LOS ANGELES -- The prolonged slump in commercial real estate has not been a disaster for everyone.
Among turnaround experts, property managers and leasing specialists, it's a golden opportunity.
The 1980s commercial construction boom, fueled in part by unmet expectations of the incomes that new buildings could produce, has created a large supply of troubled real estate loans and buildings.
Turnaround specialists and other consultants who restructure those financially shaky deals say they're finding increased demand for their services.
"Business has been very good," said Bruce Ballenger, a turnaround consultant who recently set up shop after working as a partner at the accounting firm of Coopers & Lybrand. "There's been a lot of calls and inquiries."
Real estate consulting groups at major accounting firms also report strong demand. At Arthur Andersen & Co. in Los Angeles, the 150-person real estate group has seen its business climb 200 percent during the last two years.
"We're running full out on these opportunities," said Squire Junger, deputy director at Arthur Andersen's Los Angeles office. "We're doing a lot of work for both financial institutions and developers."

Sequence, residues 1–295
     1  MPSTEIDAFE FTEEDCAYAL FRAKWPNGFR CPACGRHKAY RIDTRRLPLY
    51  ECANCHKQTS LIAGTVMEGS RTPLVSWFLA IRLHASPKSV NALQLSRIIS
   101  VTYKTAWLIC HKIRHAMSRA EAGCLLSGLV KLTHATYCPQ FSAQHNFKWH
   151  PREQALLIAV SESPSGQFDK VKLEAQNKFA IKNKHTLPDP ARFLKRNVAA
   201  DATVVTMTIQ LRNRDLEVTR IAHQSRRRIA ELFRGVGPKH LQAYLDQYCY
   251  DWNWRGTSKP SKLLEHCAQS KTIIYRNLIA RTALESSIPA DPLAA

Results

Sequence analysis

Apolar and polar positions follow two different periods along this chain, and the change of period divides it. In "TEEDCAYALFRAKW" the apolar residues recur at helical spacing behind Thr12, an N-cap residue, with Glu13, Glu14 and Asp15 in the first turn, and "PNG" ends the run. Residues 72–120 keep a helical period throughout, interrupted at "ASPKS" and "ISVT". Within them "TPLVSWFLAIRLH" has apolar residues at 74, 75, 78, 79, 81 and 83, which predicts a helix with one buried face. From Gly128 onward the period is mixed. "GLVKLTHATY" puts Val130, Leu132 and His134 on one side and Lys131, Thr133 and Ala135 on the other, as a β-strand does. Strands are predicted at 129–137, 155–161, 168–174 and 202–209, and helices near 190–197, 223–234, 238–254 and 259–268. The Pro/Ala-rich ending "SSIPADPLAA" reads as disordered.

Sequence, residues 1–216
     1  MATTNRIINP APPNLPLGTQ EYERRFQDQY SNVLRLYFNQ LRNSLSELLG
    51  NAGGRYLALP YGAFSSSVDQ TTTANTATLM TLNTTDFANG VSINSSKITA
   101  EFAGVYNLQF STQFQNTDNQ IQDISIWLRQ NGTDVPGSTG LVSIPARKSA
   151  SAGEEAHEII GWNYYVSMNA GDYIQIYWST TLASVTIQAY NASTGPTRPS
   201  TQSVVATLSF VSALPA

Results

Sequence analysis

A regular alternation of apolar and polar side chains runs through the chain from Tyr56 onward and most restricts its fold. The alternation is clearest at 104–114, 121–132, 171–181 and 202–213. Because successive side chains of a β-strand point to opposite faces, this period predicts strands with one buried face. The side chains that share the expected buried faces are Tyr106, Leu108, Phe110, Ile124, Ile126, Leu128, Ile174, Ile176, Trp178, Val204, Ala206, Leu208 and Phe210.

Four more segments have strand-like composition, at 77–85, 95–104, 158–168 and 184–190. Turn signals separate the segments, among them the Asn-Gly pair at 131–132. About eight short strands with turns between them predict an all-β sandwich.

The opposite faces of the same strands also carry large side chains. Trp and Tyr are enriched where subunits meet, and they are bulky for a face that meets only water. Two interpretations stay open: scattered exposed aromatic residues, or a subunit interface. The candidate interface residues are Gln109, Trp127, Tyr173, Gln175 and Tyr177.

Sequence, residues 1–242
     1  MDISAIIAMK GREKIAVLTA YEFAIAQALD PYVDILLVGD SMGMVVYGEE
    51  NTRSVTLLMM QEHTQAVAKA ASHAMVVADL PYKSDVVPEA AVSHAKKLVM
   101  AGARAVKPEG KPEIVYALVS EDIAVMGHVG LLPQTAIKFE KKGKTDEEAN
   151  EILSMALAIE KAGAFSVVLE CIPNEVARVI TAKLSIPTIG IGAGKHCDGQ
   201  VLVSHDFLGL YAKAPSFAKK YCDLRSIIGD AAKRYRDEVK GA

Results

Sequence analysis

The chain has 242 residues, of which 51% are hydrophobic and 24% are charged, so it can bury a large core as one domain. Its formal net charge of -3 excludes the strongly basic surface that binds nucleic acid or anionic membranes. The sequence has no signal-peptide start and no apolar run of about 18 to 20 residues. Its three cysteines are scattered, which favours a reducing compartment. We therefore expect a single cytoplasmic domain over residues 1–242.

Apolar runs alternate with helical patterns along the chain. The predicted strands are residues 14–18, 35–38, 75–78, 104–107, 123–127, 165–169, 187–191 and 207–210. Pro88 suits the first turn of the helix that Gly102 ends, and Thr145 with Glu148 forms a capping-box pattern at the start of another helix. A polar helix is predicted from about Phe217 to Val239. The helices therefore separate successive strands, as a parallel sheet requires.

For lenders and developers, Arthur Andersen provides property evaluation, plus income and property tax planning.
They also give advice on the best way to recoup the investment in a troubled property.
In Los Angeles, office vacancy rates are estimated at about 19 percent, and many building owners have reduced rents and offered hefty remodeling and free rent packages to lure new tenants.
As a result, experienced property managers, who basically run the day-to-day operations, are in high demand as owners try to maintain quality -- and tenants -- while reducing costs, analysts say.
"What we're finding is that a lot of developers are doing (property management) in house," said Charles Miller, senior vice president and regional manager of the property management group of Grubb & Ellis in Phoenix. "It's an additional profit center."